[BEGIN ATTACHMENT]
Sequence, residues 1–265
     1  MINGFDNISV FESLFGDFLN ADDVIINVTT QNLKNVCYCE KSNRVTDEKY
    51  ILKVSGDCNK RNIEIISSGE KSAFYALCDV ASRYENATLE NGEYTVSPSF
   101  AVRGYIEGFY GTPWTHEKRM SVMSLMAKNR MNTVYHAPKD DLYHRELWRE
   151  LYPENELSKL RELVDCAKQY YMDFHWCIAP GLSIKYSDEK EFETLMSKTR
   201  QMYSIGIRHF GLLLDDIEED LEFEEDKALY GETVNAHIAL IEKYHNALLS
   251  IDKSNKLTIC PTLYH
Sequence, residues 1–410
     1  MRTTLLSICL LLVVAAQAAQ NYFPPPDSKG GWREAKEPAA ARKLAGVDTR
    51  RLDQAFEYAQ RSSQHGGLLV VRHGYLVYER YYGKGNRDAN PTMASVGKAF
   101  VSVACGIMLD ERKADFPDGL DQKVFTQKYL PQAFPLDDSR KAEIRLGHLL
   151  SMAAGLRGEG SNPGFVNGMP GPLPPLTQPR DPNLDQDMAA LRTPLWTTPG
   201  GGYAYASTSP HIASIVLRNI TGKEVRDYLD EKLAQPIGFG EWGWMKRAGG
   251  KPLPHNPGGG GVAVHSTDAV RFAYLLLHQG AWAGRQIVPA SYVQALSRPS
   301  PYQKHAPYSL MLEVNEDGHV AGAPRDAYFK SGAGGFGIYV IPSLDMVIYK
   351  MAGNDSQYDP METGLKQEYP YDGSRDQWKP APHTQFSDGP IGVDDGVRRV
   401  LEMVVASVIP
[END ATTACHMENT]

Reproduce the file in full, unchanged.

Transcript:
Sequence, residues 1–265
     1  MINGFDNISV FESLFGDFLN ADDVIINVTT QNLKNVCYCE KSNRVTDEKY
    51  ILKVSGDCNK RNIEIISSGE KSAFYALCDV ASRYENATLE NGEYTVSPSF
   101  AVRGYIEGFY GTPWTHEKRM SVMSLMAKNR MNTVYHAPKD DLYHRELWRE
   151  LYPENELSKL RELVDCAKQY YMDFHWCIAP GLSIKYSDEK EFETLMSKTR
   201  QMYSIGIRHF GLLLDDIEED LEFEEDKALY GETVNAHIAL IEKYHNALLS
   251  IDKSNKLTIC PTLYH
Sequence, residues 1–410
     1  MRTTLLSICL LLVVAAQAAQ NYFPPPDSKG GWREAKEPAA ARKLAGVDTR
    51  RLDQAFEYAQ RSSQHGGLLV VRHGYLVYER YYGKGNRDAN PTMASVGKAF
   101  VSVACGIMLD ERKADFPDGL DQKVFTQKYL PQAFPLDDSR KAEIRLGHLL
   151  SMAAGLRGEG SNPGFVNGMP GPLPPLTQPR DPNLDQDMAA LRTPLWTTPG
   201  GGYAYASTSP HIASIVLRNI TGKEVRDYLD EKLAQPIGFG EWGWMKRAGG
   251  KPLPHNPGGG GVAVHSTDAV RFAYLLLHQG AWAGRQIVPA SYVQALSRPS
   301  PYQKHAPYSL MLEVNEDGHV AGAPRDAYFK SGAGGFGIYV IPSLDMVIYK
   351  MAGNDSQYDP METGLKQEYP YDGSRDQWKP APHTQFSDGP IGVDDGVRRV
   401  LEMVVASVIP